The first collection of Annette Michelson's influential writings on film, with essays on work by Marcel Duchamp, Maya Deren, Hollis Frampton, Martha Rosler, and others.
The celebrated critic and film scholar Annette Michelson saw the avant-garde filmmakers of the 1950s and 1960s as radically redefining and extending the Modernist tradition of painting and sculpture, and in essays that were as engaging as they were influential and as lucid as they were learned, she set out to demonstrate the importance of the underappreciated medium of film. On the Eve of the Future collects more than thirty years' worth of those essays, focusing on her most relevant engagements with avant-garde production in experimental cinema, particularly with the movement known as American Independent Cinema.
This volume includes the first critical essay on Marcel Duchamp's film Anemic Cinema, the first investigation into Joseph Cornell's filmic practices, and the first major explorations of Michael Snow. It offers an important essay on Maya Deren, whose work was central to that era of renewal and reinvention, seminal critiques of Stan Brakhage, Hollis Frampton, and Harry Smith, and overviews of Independent Cinema. Gathered here for the first time, these texts demonstrate Michelson's pervasive influence as a writer and thinker and her role in the establishment of cinema studies as an academic field.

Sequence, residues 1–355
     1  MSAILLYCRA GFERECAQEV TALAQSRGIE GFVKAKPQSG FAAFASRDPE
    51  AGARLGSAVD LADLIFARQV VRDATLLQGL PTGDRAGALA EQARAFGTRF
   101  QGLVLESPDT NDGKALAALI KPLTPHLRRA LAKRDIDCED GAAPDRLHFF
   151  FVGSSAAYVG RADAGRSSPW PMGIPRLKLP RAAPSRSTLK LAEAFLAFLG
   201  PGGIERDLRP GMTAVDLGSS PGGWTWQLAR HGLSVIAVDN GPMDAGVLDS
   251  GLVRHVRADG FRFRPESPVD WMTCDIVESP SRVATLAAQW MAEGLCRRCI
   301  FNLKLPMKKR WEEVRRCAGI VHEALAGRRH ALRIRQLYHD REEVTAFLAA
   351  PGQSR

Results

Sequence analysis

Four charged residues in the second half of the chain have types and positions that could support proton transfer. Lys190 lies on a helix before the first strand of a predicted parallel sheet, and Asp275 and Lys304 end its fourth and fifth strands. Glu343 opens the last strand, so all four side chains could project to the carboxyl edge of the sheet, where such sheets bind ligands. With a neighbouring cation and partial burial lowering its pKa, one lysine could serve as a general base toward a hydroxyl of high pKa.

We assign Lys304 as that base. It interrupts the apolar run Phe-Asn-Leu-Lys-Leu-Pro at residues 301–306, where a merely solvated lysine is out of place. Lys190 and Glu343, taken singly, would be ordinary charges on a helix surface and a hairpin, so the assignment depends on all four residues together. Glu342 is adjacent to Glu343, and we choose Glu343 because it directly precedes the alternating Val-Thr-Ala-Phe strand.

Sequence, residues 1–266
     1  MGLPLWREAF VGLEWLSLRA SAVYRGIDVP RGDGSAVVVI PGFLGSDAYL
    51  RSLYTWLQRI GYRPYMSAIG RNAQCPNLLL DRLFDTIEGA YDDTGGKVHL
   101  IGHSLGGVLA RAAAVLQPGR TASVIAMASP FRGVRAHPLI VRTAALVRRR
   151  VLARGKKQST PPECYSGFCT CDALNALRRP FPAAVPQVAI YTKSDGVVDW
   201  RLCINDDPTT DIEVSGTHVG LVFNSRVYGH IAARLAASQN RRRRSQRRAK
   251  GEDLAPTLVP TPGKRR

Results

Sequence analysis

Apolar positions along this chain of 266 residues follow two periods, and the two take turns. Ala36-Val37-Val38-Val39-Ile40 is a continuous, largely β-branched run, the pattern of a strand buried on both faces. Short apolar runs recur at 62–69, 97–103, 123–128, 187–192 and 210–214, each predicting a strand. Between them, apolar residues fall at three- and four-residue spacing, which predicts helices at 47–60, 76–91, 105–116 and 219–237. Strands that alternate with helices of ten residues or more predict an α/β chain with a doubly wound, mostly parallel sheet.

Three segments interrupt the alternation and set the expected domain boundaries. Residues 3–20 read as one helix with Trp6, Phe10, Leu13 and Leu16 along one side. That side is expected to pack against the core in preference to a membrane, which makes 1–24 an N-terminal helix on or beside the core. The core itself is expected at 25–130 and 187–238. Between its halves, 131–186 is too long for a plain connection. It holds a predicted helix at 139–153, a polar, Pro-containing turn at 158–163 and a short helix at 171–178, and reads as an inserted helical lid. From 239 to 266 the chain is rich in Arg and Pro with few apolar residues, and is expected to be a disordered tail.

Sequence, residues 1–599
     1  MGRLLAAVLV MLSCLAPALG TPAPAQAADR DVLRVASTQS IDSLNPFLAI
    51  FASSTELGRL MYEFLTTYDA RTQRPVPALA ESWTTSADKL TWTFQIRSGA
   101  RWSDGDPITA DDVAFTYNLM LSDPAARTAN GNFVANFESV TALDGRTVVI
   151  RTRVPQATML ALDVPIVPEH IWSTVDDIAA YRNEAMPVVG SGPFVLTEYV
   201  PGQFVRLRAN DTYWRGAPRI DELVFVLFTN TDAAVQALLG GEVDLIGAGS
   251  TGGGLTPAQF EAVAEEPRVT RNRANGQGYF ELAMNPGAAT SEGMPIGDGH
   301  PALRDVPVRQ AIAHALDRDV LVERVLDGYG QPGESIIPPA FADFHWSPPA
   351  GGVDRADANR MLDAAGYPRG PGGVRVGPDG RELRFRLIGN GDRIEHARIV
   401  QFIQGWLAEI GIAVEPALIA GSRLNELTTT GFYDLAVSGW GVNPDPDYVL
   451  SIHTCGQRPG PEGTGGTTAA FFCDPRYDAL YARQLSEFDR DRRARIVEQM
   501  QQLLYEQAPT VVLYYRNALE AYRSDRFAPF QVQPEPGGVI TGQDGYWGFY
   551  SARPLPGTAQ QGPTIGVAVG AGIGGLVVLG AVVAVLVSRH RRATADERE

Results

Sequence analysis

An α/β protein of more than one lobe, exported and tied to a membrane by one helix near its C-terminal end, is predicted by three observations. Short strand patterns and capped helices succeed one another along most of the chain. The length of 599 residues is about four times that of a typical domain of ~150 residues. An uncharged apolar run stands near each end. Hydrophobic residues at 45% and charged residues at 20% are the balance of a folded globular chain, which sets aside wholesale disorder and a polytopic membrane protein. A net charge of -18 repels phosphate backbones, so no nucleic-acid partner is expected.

The postwar generation of Independents worked to develop radically new terms, techniques, and strategies of production and distribution. Michelson shows that the fresh new forms they created from the legacy of Modernism became the basis of new forms of spectatorship and cinematic pleasure.
Annette Michelson (1922–2018) was widely considered one of the twentieth century's most influential writers on film. During her more than five-decade career, she was an art editor and critic for the New York Herald Tribune, a writer for Artforum, a founding editor of the journal October, and Professor in the Department of Cinema Studies at New York University. Some of Michelson's essays on film were collected in On the Eve of the Future: Selected Writings on Film (MIT Press).
Annette Michelson is one of the most brilliant minds that has ever turned its focus on the art of cinema. It's a blessing to have her illuminating, inspiring, and informative pieces available in this volume.
Jonas Mekas, filmmaker and writer
When many of these texts first appeared, they were undergroundbreaking. Now, as history, they continue to be impressive for their subtle insights and nuanced style. Annette Michelson's writing is as avant-garde and of-the-moment as that of a critic/historian can be.
Michael Snow, filmmaker, musician, visual artist
Written with enviable precision and grace, these essays remain the most compelling chronicle of the radical impact that film would have on the other arts in the twentieth century. Through her writings, Annette Michelson defined a field of critical inquiry where others saw only boundaries.
Bruce Jenkins, Chair, Department of Film, Video, New Media and Animation, School of the Art Institute of Chicago